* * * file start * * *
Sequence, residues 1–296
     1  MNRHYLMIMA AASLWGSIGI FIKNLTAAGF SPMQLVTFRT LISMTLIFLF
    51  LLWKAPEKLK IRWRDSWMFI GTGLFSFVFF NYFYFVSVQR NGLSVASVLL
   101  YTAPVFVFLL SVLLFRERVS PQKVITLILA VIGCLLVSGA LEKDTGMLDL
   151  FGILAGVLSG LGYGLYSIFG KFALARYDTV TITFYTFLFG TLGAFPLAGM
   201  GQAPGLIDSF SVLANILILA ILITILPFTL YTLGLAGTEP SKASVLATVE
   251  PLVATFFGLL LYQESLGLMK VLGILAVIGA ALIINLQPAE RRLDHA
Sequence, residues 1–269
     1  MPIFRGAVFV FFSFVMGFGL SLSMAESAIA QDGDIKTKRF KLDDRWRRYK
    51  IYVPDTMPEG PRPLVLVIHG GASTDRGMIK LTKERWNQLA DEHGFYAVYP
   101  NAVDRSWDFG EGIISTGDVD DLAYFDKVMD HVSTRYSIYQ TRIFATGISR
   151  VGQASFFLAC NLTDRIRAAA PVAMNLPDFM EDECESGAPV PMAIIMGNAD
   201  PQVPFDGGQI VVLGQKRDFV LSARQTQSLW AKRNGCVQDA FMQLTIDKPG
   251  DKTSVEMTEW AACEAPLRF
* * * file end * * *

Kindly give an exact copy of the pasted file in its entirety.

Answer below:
Sequence, residues 1–296
     1  MNRHYLMIMA AASLWGSIGI FIKNLTAAGF SPMQLVTFRT LISMTLIFLF
    51  LLWKAPEKLK IRWRDSWMFI GTGLFSFVFF NYFYFVSVQR NGLSVASVLL
   101  YTAPVFVFLL SVLLFRERVS PQKVITLILA VIGCLLVSGA LEKDTGMLDL
   151  FGILAGVLSG LGYGLYSIFG KFALARYDTV TITFYTFLFG TLGAFPLAGM
   201  GQAPGLIDSF SVLANILILA ILITILPFTL YTLGLAGTEP SKASVLATVE
   251  PLVATFFGLL LYQESLGLMK VLGILAVIGA ALIINLQPAE RRLDHA
Sequence, residues 1–269
     1  MPIFRGAVFV FFSFVMGFGL SLSMAESAIA QDGDIKTKRF KLDDRWRRYK
    51  IYVPDTMPEG PRPLVLVIHG GASTDRGMIK LTKERWNQLA DEHGFYAVYP
   101  NAVDRSWDFG EGIISTGDVD DLAYFDKVMD HVSTRYSIYQ TRIFATGISR
   151  VGQASFFLAC NLTDRIRAAA PVAMNLPDFM EDECESGAPV PMAIIMGNAD
   201  PQVPFDGGQI VVLGQKRDFV LSARQTQSLW AKRNGCVQDA FMQLTIDKPG
   251  DKTSVEMTEW AACEAPLRF